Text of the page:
How can the coronavirus affect your eyes?
Coronavirus can spread through the eyes, just as it does through the mouth or nose. When someone who has coronavirus coughs, sneezes, or talks, virus particles can spray from their mouth or nose onto your face. You are likely to breathe these tiny droplets in through your mouth or nose. But the droplets can also enter your body through your eyes. You can also become infected by touching your eyes after touching something that has the virus on it.
It might be possible for coronavirus to cause a pink eye infection (conjunctivitis), but this is rare. If you have pink eye, don’t panic. Simply call Dr. Beeve office to let them know and follow their instructions for care. Keep in mind that whether pink eye is caused by a virus or bacteria, it can spread if someone touches that sticky or runny discharge from the eyes, or touches objects contaminated by the discharge. Wash and sanitize your hands frequently, and do not share towels, cups or utensils with others.
How to protect your eyes and health
Guarding your eyes — as well as your hands, nose, and mouth — can slow the spread of coronavirus. Here are some ways to you can keep your eyes safe and healthy during this coronavirus outbreak.
It’s important to remember that although there is a lot of concern about coronavirus, common sense precautions can significantly reduce your risk of getting infected. So wash your hands a lot, follow good contact lens hygiene and avoid touching or rubbing your nose, mouth and especially your eyes.
1. If you wear contact lenses, consider switching to glasses for a while.
There's no evidence that wearing contact lenses increases your risk of coronavirus infection. But contact lens wearers touch their eyes more than the average person. Consider wearing glasses more often, especially if you tend to touch your eyes a lot when your contacts are in. Substituting glasses for lenses can decrease irritation and force you to pause before touching your eye.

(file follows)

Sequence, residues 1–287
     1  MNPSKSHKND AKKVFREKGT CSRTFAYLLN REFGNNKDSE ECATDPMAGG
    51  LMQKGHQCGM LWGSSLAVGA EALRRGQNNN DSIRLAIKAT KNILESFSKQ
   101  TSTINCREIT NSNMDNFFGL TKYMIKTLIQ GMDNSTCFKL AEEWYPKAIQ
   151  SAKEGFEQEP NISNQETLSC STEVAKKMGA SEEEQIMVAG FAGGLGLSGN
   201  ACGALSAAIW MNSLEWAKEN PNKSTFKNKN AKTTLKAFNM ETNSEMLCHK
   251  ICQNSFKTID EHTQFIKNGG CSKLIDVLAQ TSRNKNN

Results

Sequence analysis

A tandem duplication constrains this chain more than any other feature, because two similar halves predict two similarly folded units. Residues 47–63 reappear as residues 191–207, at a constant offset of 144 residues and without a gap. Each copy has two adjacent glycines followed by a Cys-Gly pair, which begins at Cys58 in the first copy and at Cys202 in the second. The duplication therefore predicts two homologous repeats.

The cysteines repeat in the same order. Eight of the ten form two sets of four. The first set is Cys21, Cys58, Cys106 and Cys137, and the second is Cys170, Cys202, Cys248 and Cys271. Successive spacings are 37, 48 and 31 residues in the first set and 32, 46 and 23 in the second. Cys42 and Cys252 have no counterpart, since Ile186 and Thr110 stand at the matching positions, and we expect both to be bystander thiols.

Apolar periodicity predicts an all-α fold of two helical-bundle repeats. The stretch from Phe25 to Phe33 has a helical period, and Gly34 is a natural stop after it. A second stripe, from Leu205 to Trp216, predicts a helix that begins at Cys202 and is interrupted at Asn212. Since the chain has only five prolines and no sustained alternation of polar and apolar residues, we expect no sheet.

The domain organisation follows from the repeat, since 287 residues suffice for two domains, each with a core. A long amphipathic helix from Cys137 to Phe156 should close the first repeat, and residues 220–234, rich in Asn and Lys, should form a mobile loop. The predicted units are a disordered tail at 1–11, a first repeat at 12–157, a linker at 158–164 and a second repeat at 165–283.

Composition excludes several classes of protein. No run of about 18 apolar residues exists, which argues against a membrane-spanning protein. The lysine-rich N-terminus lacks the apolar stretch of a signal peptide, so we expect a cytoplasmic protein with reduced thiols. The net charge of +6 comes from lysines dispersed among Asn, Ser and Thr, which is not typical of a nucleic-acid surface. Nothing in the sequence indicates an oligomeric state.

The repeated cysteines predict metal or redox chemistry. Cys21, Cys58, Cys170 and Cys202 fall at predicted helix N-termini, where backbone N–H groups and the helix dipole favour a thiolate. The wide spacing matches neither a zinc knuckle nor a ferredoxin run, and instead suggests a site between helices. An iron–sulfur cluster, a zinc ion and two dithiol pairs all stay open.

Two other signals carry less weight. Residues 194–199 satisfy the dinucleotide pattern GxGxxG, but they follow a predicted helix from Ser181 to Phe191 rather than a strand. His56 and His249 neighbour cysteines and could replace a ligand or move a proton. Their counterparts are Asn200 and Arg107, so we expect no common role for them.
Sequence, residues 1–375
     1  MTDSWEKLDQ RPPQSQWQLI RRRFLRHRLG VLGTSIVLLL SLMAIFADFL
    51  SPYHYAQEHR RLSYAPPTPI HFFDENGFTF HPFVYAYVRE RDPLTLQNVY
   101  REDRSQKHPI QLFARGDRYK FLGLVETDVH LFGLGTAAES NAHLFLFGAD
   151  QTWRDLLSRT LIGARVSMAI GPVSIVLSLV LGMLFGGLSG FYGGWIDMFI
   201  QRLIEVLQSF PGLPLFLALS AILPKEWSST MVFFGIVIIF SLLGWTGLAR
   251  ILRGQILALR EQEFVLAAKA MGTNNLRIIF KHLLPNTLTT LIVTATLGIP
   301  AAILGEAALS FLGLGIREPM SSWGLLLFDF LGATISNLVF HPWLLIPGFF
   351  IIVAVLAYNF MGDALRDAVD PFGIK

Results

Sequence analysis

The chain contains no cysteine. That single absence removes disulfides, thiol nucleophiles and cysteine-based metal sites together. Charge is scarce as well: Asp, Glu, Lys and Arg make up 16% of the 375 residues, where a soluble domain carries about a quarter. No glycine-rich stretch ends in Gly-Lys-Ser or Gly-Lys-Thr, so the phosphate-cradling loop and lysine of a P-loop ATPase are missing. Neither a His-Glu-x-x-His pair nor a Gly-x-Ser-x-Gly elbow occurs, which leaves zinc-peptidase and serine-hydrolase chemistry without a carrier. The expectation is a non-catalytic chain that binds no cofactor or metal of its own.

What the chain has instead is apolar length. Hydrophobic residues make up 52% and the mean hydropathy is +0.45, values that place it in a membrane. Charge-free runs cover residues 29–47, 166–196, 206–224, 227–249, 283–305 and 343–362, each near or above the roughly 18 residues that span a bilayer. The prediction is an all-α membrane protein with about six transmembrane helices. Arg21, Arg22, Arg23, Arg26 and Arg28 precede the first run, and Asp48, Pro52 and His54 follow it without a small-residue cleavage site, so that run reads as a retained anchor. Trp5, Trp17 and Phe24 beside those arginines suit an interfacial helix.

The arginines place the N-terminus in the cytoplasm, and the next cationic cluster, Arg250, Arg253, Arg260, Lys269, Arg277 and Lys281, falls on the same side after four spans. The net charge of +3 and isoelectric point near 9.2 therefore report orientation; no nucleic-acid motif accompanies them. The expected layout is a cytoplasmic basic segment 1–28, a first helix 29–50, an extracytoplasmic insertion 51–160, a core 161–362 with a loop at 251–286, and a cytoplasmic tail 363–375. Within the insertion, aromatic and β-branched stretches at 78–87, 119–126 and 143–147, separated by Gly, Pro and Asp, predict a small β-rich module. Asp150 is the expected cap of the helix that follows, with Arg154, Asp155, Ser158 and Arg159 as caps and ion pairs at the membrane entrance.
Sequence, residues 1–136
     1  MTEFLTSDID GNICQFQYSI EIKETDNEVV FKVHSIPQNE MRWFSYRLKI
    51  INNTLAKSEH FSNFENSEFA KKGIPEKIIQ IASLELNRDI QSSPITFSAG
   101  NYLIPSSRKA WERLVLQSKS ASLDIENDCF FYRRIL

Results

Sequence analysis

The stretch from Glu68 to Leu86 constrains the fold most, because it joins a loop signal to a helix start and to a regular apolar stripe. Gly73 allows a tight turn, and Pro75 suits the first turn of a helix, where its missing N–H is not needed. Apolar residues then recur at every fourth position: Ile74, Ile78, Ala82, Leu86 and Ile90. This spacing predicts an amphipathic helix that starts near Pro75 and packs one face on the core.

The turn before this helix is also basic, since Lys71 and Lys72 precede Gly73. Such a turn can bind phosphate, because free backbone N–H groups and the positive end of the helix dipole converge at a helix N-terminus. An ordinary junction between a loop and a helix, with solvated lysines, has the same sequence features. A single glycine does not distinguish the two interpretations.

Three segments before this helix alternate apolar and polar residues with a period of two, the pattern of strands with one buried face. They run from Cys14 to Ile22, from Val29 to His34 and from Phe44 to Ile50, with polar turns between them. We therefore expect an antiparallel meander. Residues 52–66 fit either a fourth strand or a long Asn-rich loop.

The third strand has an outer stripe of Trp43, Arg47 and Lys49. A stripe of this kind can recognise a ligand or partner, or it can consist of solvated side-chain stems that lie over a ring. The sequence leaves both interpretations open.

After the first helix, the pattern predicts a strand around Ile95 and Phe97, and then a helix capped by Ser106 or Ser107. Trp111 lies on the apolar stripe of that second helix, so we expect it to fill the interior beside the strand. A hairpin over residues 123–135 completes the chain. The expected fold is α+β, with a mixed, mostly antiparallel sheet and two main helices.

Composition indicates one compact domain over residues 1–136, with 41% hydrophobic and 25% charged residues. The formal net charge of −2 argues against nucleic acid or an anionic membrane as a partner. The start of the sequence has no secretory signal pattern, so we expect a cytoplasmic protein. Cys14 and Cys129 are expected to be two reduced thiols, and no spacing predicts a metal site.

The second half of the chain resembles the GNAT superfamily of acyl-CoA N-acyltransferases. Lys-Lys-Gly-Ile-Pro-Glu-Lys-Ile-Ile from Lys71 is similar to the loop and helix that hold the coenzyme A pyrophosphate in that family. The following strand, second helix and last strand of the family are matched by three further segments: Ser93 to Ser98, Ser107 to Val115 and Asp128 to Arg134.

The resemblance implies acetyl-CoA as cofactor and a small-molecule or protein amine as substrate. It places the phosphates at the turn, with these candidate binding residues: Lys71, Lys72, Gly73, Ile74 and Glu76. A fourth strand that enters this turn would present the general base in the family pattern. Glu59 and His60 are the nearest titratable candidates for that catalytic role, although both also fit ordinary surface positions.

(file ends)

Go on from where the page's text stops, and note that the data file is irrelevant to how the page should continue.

2. Wearing glasses may add a layer of protection.
Corrective lenses or sunglasses can shield your eyes from infected respiratory droplets. But keep in mind that they don’t provide 100% security. The virus can still reach your eyes from the exposed sides, tops and bottoms of your glasses. If you’re caring for a sick patient or potentially exposed person, safety goggles may offer a stronger defense.
3. Stock up on eye medicine prescriptions if you can.
Patients should stock up on critical medications, so that you'll have enough to get by if you are quarantined or if supplies become limited during an outbreak. But this may not be possible for everyone. If your insurance allows you to get more than 1 month of essential eye medicine, such as glaucoma drops, you should do so. Some insurers will approve a 3-month supply of medication in times of natural disaster. And as always, request a refill as soon as you're due. Don't wait until the last minute to contact your pharmacy.
4. Avoid rubbing your eyes.
It can be hard to break this natural habit, but doing so will lower your risk of infection. If you feel an urge to itch or rub your eye or even to adjust your glasses, use a tissue instead of your fingers. Dry eyes can lead to more rubbing, so consider adding moisturizing drops to your eye routine. If you must touch your eyes for any reason — even to administer eye medicine — wash your hands first with soap and water for at least 20 seconds. Then wash them again after touching your eyes.
5. Practice safe hygiene and social distancing.
Wash your hands a lot. Follow good contact lens hygiene. And avoid touching or rubbing your nose, mouth and eyes.
If you have any questions about your eyes or your vision, be sure to ask Dr. Beeve.